The question is not open to us for decision as a matter of first impression. When we apply the law of Ohio, as we must do, Erie R. Co. v. Tompkins, 304 U.S. 64, 58 S. Ct. 817, 82 L. Ed. 1188, as pronounced by reported opinions of the appellate courts of that State, we must conclude that the trial court erred in denying defendant's motion for a directed verdict.

The law of Ohio relating to the duty of care required of a motorist approaching a railroad grade crossing is succinctly summarized by the Supreme Court of that State in the language from two of its reported opinions as follows:

"The law recognizes the fact that ordinarily, because of unalterable circumstances, railroad companies in the operation of fast-moving trains cannot be responsible for gradecrossing collisions, and that the burden of avoiding such collisions rests, for the most part, upon the operators of vehicles using such crossings. This rule is made necessary because railroad trains are, in their operation, confined to fixed tracks, and because of their weight and momentum, cannot be readily stopped within a short distance or space of time." Woodworth v. New York C. R. Co., 149 Ohio St. 543, 80 N.E.2d 142, 146.

"When a traveler upon a public highway approaches a steam railway which intersects at grade the highway, with one or more tracks, with an intention of crossing over, it is the duty of such traveler, before going upon the railway, to look both ways and listen for the approach of trains; and such looking and listening must be at such time and place and in such manner as will be effective to accomplish the ends designed thereby. When the view of such traveler in either direction is temporarily obscured by a passing train, smoke, steam, or dust arising therefrom, it is the duty of such traveler to defer his crossing and remain in a place of safety until such obstruction has passed away and a clear view is afforded." Pennsylvania R. Co. v. Rusynik, 117 Ohio St. 530, 159 N.E. 826, 56 A.L.R. 538.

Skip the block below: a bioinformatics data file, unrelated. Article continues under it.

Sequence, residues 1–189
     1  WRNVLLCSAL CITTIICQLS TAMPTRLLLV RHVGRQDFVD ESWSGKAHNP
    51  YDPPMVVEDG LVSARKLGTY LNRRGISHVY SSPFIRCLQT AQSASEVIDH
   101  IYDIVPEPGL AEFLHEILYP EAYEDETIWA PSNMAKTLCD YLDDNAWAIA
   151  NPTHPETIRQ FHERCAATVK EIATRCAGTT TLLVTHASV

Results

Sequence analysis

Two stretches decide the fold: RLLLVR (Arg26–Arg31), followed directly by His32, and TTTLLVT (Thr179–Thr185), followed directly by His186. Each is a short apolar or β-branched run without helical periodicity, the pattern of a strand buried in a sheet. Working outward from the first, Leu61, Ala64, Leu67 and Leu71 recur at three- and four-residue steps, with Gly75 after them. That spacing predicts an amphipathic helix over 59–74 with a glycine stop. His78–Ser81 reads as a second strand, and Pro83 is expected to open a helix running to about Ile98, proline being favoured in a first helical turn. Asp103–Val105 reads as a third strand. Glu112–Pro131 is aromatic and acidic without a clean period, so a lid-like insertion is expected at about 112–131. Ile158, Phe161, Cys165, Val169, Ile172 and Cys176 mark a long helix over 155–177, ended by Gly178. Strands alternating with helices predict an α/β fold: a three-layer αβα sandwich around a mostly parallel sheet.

See to the same effect, Patton v. Pennsylvania R. Co., 136 Ohio St. 159, 24 N.E.2d 597; Toledo T. R. Co. v. Hughes, 115 Ohio St. 562, 154 N.E. 916; Detroit T. & I. R. Co. v. Rohrs, 114 Ohio St. 493, 151 N.E. 714; Reed v. Detroit, T. & I. R. Co., Ohio App., 132 N.E.2d 776; Bowman v. Baltimore & O. R. Co., 86 Ohio App. 129, 90 N.E.2d 390; Cincinnati, M. & D. M. Freight Co. v. Louisville & N. R. Co., 56 Ohio App. 246, 10 N.E.2d 448.

A brief review of the factual circumstances shown by the evidence in several of the above cases reveals the strict manner in which the Ohio Courts impose the rule against a plaintiff in grade-crossing collision cases.

In the Woodworth case, supra, the existence of floodlights in close proximity to a railroad crossing which might be confused with the headlight of an approaching train was held to be a circumstance which required the deceased motorist to take added precautions sufficient to avoid a collision.

It appears from the opinion in Toledo T. R. Co. v. Hughes, 115 Ohio St. 562, 154 N.E. 916, that the collision occurred at night when automatic warning signals installed at the crossing were not working and when the crossing was obscured by heavy fog. In Patton v. Pennsylvania R. Co., 136 Ohio St. 159, 24 N.E.2d 597, 600, a collision occurred at night, when the atmosphere was heavy and cloudy. A motorist's view down the tracks was limited to some 300 feet until a point quite near the crossing was reached. To an argument that the atmospheric conditions and noise prevented the driver from detecting the approach of the train in time to avoid the collision, the court said that such circumstances merely required him to take greater precautions and, "under such circumstances, to insure his safety, it may have been his duty to stop before going upon the tracks."